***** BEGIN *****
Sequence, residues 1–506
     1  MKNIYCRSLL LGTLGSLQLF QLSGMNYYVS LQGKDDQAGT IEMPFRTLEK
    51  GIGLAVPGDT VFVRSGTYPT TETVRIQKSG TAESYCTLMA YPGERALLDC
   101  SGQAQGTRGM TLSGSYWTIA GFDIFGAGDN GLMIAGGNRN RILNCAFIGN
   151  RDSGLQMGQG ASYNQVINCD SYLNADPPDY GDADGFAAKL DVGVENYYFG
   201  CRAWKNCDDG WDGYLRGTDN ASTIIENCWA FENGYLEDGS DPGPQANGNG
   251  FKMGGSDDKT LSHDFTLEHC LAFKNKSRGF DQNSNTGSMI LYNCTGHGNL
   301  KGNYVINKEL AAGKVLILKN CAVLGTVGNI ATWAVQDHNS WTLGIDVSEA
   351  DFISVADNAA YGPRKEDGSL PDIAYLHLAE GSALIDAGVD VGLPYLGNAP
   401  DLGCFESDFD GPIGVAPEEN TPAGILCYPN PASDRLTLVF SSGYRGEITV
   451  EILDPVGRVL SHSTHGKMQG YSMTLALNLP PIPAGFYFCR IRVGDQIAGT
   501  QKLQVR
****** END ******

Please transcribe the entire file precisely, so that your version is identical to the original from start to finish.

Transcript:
Sequence, residues 1–506
     1  MKNIYCRSLL LGTLGSLQLF QLSGMNYYVS LQGKDDQAGT IEMPFRTLEK
    51  GIGLAVPGDT VFVRSGTYPT TETVRIQKSG TAESYCTLMA YPGERALLDC
   101  SGQAQGTRGM TLSGSYWTIA GFDIFGAGDN GLMIAGGNRN RILNCAFIGN
   151  RDSGLQMGQG ASYNQVINCD SYLNADPPDY GDADGFAAKL DVGVENYYFG
   201  CRAWKNCDDG WDGYLRGTDN ASTIIENCWA FENGYLEDGS DPGPQANGNG
   251  FKMGGSDDKT LSHDFTLEHC LAFKNKSRGF DQNSNTGSMI LYNCTGHGNL
   301  KGNYVINKEL AAGKVLILKN CAVLGTVGNI ATWAVQDHNS WTLGIDVSEA
   351  DFISVADNAA YGPRKEDGSL PDIAYLHLAE GSALIDAGVD VGLPYLGNAP
   401  DLGCFESDFD GPIGVAPEEN TPAGILCYPN PASDRLTLVF SSGYRGEITV
   451  EILDPVGRVL SHSTHGKMQG YSMTLALNLP PIPAGFYFCR IRVGDQIAGT
   501  QKLQVR